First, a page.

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Treatment of Cryptococcus neoformans meningoencephalitis in HIV-infected patients

Authors
Gary M Cox, MD
John R Perfect, MD
Section Editor
John G Bartlett, MD
Deputy Editor
Jennifer Mitty, MD, MPH

INTRODUCTION

Cryptococcus neoformans meningoencephalitis is one of the leading opportunistic infections seen in patients with untreated AIDS [1]. Management of these severely immunocompromised patients includes antifungal therapy combined with antiretroviral therapy (ART), with careful monitoring for complications related to the invasive fungal infection and the inflammatory syndromes secondary to immune recovery [2].

This topic is devoted to the treatment of the HIV-infected host with C. neoformans meningitis. The epidemiology, clinical manifestations, diagnosis, treatment and management of complications of disease are discussed elsewhere. C. neoformans infection outside the central nervous system, C. neoformans infection in HIV seronegative patients, and Cryptococcus gattii infection are also discussed separately. (See "Epidemiology, clinical manifestations, and diagnosis of Cryptococcus neoformans meningoencephalitis in HIV-infected patients" and "Microbiology and epidemiology of Cryptococcus neoformans infection" and "Immune reconstitution inflammatory syndrome" and "Clinical management and monitoring during antifungal therapy of the HIV-infected patient with cryptococcal meningoencephalitis" and "Cryptococcus neoformans infection outside the central nervous system" and "Clinical manifestations and diagnosis of Cryptococcus neoformans meningoencephalitis in HIV-seronegative patients" and "Treatment of Cryptococcus neoformans meningoencephalitis and disseminated infection in HIV seronegative patients" and "Cryptococcus gattii infection: Microbiology, epidemiology, and pathogenesis" and "Cryptococcus gattii infection: Clinical features and diagnosis" and "Cryptococcus gattii infection: Treatment".)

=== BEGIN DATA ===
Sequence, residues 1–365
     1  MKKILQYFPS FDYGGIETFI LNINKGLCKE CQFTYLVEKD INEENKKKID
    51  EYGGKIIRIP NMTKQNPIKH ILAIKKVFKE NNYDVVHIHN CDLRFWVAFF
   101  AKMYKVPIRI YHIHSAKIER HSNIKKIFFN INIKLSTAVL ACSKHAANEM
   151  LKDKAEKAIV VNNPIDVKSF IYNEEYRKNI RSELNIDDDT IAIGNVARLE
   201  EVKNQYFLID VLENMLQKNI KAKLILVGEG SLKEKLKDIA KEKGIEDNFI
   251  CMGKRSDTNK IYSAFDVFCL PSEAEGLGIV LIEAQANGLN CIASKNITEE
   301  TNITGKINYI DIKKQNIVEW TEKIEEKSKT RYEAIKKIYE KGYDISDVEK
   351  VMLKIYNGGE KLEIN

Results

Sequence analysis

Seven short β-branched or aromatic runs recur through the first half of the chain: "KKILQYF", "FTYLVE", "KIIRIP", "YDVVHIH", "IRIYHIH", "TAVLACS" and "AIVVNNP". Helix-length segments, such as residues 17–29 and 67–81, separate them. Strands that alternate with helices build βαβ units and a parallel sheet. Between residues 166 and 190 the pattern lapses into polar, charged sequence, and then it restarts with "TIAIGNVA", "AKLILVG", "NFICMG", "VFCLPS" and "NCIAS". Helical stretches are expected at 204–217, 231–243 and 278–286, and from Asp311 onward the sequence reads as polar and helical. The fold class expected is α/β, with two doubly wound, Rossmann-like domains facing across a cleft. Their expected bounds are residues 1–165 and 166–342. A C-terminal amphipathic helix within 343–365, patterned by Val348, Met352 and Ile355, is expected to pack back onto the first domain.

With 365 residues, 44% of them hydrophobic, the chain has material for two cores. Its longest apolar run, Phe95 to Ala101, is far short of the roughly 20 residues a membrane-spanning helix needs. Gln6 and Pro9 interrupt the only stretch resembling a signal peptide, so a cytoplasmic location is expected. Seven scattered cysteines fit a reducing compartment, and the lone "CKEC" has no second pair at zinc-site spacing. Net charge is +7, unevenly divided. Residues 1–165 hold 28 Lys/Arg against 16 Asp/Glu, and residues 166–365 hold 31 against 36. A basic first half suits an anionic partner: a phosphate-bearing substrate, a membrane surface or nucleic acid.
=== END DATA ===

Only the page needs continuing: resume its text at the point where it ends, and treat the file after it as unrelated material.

ANTIFUNGAL AGENTS

The primary antifungal agents used for the treatment of cryptococcal meningoencephalitis include intravenous amphotericin B deoxycholate or its lipid formulations, oral flucytosine, and oral fluconazole. For most patients, liposomal preparations of amphotericin B are preferred to minimize the risk of toxicity and improve the ability to give an uninterrupted induction period of treatment. Echinocandin antifungals do not have significant activity against C. neoformans and should not be used to treat this infection [3]. (See "Pharmacology of azoles" and "Pharmacology of amphotericin B".)

Combination therapy with amphotericin B and flucytosine is fungicidal (inhibition leads to cell death), while fluconazole alone is only fungistatic (ie, inhibits without killing). Importantly, the use of a fungicidal regimen during the initial phase of therapy has been associated with better clinical outcomes [4]. (See 'Induction and consolidation therapy' below.)

GENERAL PRINCIPLES

The HIV-infected patient with advanced immunosuppression (CD4 cell count <50 cells/microL) is at risk for severe cryptococcal meningoencephalitis, which is uniformly fatal within approximately two weeks if untreated [5]. Common presenting symptoms include fever, headache, photophobia, nausea, and vomiting; patients with fulminant disease may present with coma. Predictors of poor outcome include high cerebrospinal fluid (CSF) cryptococcal antigen levels (titer >1:1024), low body weight, poor CSF inflammatory response (<20 cells/ul of CSF), and altered mental status on presentation [6]. (See "Epidemiology, clinical manifestations, and diagnosis of Cryptococcus neoformans meningoencephalitis in HIV-infected patients", section on 'Clinical manifestations'.)

                    

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Literature review current through: Nov 2016. | This topic last updated: Fri Feb 26 00:00:00 GMT 2016.
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